Regardless of everything you are about to read, I’m not really into the aesthetics of baseball cards. In fact, as it stands now -- with me posting old cards to the Internet for the enjoyment of no one in particular -– the worse a card looks, the better.
That said, from like 1988 until at least 1991, Topps wasn’t even trying anymore. Just awful, awful sets of cards. I should know because I still have a complete unopened set of 1989 Topps that I received on Christmas of that year which has actually decreased in value since then. When he dropped it off that night even Santa was like “Pfftt. This set has nobody, and these cards are too bland to even generate camp value when you’re in your 30s!” And I was like, “I know dude. Just put it under the tree.”
So I was as delighted as anyone when Upper Deck came along and blew everyone out of the water. It was like going to HD. But it wasn’t until I was recently flipping through some old cards that it really dawned on me just how far ahead of the game Upper Deck was, and how little Topps cared. I would like to illustrate this point using two cards that feature an Oakland A’s pitcher. (I realize these cards are two years apart, however Topps ’89 set was probably the nicest from that era of indifference, and Upper Deck came out in ’89 with this, and Topps responded with this.)
Todd Burns, 1989 Topps
Look at ol’ Burnsie over there. Mullet blowing in the breeze. Doesn’t have a care in the world. I think Topps banged out its entire 1989 set after two days at spring training asking guys like Todd Burns to pretend like they were playing baseball for three seconds. Also, according to Wikipedia:
Burns now runs the Todd Burns School of Baseball in Huntsville, Alabama.
In my head I have an image of ol’ Burnsie standing in front of a crowd of like, seven kids, and speaking to them in an extremely slow southern drawl:
Todd Burns: Alright, kids. Do you want to learn how to play baseball?
Todd Burns: I saaaiiiiid, do you want to learn how to play baseball?
Kids: I guess/yeah?/*cough*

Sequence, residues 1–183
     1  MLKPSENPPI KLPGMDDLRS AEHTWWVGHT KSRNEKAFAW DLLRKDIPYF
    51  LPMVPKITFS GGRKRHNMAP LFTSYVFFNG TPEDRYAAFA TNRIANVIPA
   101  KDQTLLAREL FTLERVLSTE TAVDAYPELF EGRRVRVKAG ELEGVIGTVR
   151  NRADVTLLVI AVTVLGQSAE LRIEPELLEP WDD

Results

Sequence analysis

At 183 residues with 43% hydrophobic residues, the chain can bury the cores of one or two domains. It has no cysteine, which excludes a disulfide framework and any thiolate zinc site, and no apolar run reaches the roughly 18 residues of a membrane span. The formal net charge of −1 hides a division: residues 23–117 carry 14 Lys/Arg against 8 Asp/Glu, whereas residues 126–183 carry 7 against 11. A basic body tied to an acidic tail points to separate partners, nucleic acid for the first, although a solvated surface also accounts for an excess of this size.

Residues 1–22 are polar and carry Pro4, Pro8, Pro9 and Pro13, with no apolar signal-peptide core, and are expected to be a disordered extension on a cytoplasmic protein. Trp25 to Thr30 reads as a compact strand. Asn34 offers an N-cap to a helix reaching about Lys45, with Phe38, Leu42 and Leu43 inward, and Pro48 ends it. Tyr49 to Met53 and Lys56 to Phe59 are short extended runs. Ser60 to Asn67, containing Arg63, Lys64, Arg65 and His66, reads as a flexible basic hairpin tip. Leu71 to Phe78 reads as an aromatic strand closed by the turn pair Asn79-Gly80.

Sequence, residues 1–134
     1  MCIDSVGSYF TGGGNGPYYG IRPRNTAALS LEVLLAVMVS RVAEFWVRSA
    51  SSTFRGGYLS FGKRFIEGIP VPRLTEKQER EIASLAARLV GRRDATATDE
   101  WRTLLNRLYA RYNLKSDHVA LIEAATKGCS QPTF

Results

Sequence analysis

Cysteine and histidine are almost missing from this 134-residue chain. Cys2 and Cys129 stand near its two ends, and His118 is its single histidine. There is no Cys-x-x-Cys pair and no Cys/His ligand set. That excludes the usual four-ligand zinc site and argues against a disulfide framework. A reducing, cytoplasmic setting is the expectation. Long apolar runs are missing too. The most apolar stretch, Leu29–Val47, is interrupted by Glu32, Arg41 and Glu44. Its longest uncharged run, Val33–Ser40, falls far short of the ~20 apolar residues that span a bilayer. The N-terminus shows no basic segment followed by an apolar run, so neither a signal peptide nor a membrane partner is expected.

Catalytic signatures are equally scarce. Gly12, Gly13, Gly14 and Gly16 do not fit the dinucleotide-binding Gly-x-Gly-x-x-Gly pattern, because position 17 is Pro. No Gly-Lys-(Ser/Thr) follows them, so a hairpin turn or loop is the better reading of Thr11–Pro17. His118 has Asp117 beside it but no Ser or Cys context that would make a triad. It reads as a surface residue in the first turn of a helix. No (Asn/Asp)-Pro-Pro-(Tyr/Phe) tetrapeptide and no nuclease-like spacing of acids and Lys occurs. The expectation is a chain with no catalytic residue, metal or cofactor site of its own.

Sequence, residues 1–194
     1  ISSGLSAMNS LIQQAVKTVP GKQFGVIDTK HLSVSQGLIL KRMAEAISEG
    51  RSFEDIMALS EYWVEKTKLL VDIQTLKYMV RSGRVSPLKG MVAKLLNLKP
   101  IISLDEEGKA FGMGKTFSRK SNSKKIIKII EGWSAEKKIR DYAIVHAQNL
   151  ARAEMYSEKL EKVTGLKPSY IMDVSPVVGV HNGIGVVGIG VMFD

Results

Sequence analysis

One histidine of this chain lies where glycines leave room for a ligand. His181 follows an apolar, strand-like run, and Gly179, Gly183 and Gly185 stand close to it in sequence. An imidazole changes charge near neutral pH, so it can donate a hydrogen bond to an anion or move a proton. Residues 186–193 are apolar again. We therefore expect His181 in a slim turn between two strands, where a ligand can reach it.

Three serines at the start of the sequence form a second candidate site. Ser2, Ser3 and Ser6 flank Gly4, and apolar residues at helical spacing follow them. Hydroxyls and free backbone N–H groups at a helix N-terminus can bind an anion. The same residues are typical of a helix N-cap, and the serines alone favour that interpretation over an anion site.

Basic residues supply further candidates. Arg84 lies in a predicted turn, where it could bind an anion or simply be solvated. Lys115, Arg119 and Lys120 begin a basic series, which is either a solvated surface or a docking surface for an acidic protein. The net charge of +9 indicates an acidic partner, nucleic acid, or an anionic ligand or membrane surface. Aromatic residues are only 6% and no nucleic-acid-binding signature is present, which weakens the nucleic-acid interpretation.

Todd Burns: Okay, then. Well, first thing you do is lift your arms over your head like this…
It should also be mentioned that the first rule of Todd Burns School of Baseball is: don’t talk about Todd Burns School of Baseball. Since I just violated that rule and now fear for my safety, I will move on.
In fact, let’s look at our next installment. I call this one: “Joe Slusarski in Three Parts.”
Joe Slusarski, 1991 Upper Deck
I’m not saying that this is the coolest card ever. Assuredly it would be much cooler if it featured someone other than Joe Slusarski. But for 1991, this was pretty awesome. I mean, ol’ Burnsie probably needed one take for his pose. Meanwhile, Upper Deck is taking their photos back to the lab. If he wanted to Joe Slusarski could analyze his mechanics with this. I mean, not really. But still. Based on these two cards, and given the choice, I would much rather attend The Joe Slusarski Camp of Awesomeness, which takes place every year during the first week of fall at alternating parks in Indianapolis.
I am also finding it quite humorous to envision what “Todd Burns in Three Parts” would look like if it involved just him bringing his glove from his waist to over his head. And now I know what I will be asking for this year for Christmas. I realize that there is something wrong with me.
Did you know?
During my college years I valiantly attempted to make the phrase “getting Slusarski’d” synonymous with getting really, really drunk, but it never seemed to catch on.